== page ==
[1] Any reader would be very hard-pushed to find a definition of a scientific model that includes the interpersonal assessment that all models are "wrong".  In science, models are evaluated as valid or not, according to whether, for example, they are self-consistent or not, consistent with data or not, explanatory or not, predictive or not, and so on.

[2] On the other hand, fuzziness (indeterminacy) in language is of great interest to Halliday & Matthiessen (1999: 547-62), who, as well as identifying 5 types of indeterminacy, explain its significance. Halliday & Matthiessen (1999: 547-8, 549):
What does it mean to say that a natural language is an indeterminate system? In the most general terms, it suggests that the generalised categories that constitute language as a system — as "order", rather than as randomness or "chaos" (let us say randomness rather than chaos, since chaos in its technical reading is also a form of order) — are typically not categorical: that is, they do not display determinate boundaries, fixed criteria of membership, or stable relationships from one stratum to another. We could refer to them as "fuzzy", in the sense in which this term is used in fuzzy logic, fuzzy computing, etc.; but we prefer to retain the term "indeterminate" for the phenomena themselves, since "fuzzy" is usually applied to the theoretical modelling of the phenomena (it refers to meta-fuzz rather than fuzz). …  
We have tried to make the point that the human condition is such that no singulary, determinate construction of experience would enable us to survive. We have to be able to see things in indeterminate ways: now this, now that, partly one thing, partly the other — the transitivity system is a paradigm example, and that lies at the core of the experiential component of grammar.

Sunday, 23 June 2019

Robin Fawcett On Halliday's Grammatical Systems As Semantic

My concern in my short memoir was to remind us all of his role in welcoming and re-enforcing the fundamental message of Halliday''s important 1966 paper — and in particular through his insightful introductions to the sections of the book. These were the first intimations of a concept that Halliday was exploring — and often seems completely committed to — in his writings on the late 1960s and early 1970s (and indeed in Halliday 1985, though less so in Halliday 1994). This was the concept that the system networks of TRANSITIVITY, MOOD, THEME and LOGIOC-SEMANTIC RELATIONS provide choices between meaning — i.e. semantic features), not forms …

Blogger Comments:

See the immediately preceding post.

For the second time in two days, Fawcett uses the tragic untimely death of a colleague as a pretext for promoting the SFL theoretical architecture that Halliday abandoned after 1978, largely because Fawcett mistakenly believes that Halliday's superseded model leaves room in the SFL architecture for his theory of syntax at the level below semantics.

For why Fawcett's model does not withstand close scrutiny, see the explanations here.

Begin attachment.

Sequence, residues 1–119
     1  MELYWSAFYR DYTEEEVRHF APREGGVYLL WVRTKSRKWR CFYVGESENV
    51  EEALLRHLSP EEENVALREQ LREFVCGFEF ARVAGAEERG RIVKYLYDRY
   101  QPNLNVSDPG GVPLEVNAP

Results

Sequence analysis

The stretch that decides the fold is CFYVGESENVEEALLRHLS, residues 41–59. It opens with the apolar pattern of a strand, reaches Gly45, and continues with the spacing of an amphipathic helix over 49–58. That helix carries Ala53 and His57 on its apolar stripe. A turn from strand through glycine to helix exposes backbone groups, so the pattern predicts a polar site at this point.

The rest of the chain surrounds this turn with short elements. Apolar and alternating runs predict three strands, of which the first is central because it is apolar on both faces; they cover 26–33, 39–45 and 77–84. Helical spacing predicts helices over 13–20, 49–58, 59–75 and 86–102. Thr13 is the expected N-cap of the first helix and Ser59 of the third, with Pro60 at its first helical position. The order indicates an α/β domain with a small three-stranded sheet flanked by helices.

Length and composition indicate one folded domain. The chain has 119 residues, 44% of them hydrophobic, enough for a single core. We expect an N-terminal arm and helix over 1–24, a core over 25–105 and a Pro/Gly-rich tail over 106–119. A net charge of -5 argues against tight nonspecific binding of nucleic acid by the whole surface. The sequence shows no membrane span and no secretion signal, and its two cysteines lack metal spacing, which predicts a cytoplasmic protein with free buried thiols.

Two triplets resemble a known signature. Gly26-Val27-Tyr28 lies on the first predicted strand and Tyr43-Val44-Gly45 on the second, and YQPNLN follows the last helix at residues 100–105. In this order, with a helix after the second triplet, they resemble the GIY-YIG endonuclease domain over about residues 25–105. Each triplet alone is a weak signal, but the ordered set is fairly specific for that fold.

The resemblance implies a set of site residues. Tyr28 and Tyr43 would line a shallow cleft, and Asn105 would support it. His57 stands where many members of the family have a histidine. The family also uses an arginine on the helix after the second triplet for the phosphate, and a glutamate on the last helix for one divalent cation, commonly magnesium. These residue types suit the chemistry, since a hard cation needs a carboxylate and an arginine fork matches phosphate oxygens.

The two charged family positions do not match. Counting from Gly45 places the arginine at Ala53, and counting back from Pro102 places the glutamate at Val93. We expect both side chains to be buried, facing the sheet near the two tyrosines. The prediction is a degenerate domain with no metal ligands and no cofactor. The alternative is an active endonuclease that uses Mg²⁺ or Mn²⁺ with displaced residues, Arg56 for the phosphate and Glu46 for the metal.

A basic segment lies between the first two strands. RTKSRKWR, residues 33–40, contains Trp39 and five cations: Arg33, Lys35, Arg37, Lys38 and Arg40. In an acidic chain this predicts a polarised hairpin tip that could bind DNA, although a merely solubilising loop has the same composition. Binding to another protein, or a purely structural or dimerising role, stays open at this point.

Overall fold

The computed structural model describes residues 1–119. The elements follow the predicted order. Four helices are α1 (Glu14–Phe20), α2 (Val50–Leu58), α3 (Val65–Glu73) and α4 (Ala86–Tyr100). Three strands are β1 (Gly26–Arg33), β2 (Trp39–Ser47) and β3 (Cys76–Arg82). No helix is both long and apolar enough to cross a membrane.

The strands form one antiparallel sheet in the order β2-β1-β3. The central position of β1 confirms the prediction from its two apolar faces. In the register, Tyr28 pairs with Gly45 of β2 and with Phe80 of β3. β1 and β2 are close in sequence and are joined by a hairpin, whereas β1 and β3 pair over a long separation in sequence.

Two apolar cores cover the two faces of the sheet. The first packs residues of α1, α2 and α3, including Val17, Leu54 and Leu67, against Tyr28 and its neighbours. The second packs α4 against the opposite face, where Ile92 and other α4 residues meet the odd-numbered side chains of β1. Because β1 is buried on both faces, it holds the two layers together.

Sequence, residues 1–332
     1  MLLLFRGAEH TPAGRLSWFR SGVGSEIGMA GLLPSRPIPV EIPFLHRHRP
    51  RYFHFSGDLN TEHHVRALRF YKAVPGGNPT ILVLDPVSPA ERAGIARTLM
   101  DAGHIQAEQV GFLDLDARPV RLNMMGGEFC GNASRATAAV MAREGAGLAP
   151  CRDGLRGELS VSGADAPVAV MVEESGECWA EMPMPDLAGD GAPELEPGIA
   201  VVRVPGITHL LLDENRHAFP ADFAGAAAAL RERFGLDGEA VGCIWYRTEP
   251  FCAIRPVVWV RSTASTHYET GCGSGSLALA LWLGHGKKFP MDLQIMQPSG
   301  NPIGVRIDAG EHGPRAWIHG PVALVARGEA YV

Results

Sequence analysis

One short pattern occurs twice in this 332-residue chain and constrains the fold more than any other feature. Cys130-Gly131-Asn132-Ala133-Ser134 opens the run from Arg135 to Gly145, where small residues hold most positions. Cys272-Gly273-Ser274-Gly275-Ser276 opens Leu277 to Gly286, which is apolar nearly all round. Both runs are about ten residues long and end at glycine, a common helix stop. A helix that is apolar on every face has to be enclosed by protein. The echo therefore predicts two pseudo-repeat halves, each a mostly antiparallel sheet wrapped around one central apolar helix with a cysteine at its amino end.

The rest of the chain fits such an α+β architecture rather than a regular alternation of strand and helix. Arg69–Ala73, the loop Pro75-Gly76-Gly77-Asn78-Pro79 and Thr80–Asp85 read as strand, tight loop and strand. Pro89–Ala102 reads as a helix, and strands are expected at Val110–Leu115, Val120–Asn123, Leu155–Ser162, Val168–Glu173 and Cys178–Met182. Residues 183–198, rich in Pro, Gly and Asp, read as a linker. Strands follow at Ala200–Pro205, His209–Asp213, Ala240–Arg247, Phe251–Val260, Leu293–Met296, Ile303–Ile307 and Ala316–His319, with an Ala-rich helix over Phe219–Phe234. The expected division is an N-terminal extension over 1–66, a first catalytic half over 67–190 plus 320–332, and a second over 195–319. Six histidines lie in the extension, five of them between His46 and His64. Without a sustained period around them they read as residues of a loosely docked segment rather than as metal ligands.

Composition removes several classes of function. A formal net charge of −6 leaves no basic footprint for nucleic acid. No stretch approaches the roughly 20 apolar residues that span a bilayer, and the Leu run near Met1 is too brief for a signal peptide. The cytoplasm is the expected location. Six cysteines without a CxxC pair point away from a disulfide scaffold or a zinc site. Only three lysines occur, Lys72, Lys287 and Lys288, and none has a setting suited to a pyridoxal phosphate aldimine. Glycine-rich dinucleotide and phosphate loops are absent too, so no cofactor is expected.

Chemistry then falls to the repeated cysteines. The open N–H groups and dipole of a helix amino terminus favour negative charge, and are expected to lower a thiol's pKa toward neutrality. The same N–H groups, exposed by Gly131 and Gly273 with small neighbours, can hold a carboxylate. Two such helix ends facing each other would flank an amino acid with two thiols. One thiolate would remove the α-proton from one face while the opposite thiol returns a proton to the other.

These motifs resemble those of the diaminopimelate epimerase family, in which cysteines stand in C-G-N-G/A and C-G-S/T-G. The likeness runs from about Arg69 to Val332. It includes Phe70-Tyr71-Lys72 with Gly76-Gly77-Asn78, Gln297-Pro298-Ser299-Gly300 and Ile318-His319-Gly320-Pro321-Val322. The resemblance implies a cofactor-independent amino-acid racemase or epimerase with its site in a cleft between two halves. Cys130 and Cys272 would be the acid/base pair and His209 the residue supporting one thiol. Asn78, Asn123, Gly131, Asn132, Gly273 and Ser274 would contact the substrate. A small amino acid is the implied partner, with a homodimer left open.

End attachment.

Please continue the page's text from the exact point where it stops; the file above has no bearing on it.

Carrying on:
With regard to Fawcett and tragic untimely deaths, see here for Fawcett's public dishonest treatment of me at the time of my mother's cruel, premature death from mesothelioma.

Saturday, 22 June 2019

Robin Fawcett Misrepresenting Halliday's Theorising

… the development of the Cardiff Model of language and its use (although our main focus, like Halliday's, has remained on language — and in our case on the cognitive-interactive modelling of language and its use). 
… Halliday's first tentative explorations of his theoretical shift (in Halliday 1966), from treating system networks as choices at the level of form to treating them as choices at the level of meaning
… a series of Halliday's descriptions of areas of English grammar, ranging from his early system networks (from Halliday 1964), which were of course conceived of as being at the level of form, to later descriptions, some of which illustrate the concept that they can be interpreted as being choices between semantic features. …

Blogger Comments:

[1] This is misleading, since it implies that Halliday's theory is not concerned with a "cognitive-interactive modelling of language and its use".  The difference lies in how these dimensions are understood.  Halliday understands the interactive dimension of language as the interpersonal metafunction, understands use in terms of variation along the cline of instantiation, and understands cognition in terms of meaning.  In their work subtitled A Language-based Approach to Cognition, Halliday & Matthiessen (1999: ix-x) write:
It seems to us that our dialogue is relevant to current debates in cognitive science. In one sense, we are offering it as an alternative to mainstream currents in this area, since we are saying that cognition "is" (that is, can most profitably be modelled as) not thinking but meaning: the "mental" map is in fact a semiotic map, and "cognition" is just a way of talking about language. In modelling knowledge as meaning, we are treating it as a linguistic construct: hence, as something that is construed in the lexicogrammar. Instead of explaining language by reference to cognitive processes, we explain cognition by reference to linguistic processes. But at the same time this is an "alternative" only if it is assumed that the "cognitive" approach is in some sense natural, or unmarked.
[2] This is misleading.  The stratal distinction of form vs meaning is the distinction in Fawcett's model, but never in Halliday's.  Even when Halliday did propose a level of form (Halliday 1961), the distinction was substance vs form vs situation.  In this early model, the analogue of "meaning" was termed 'context' and construed as an interface between form and situation: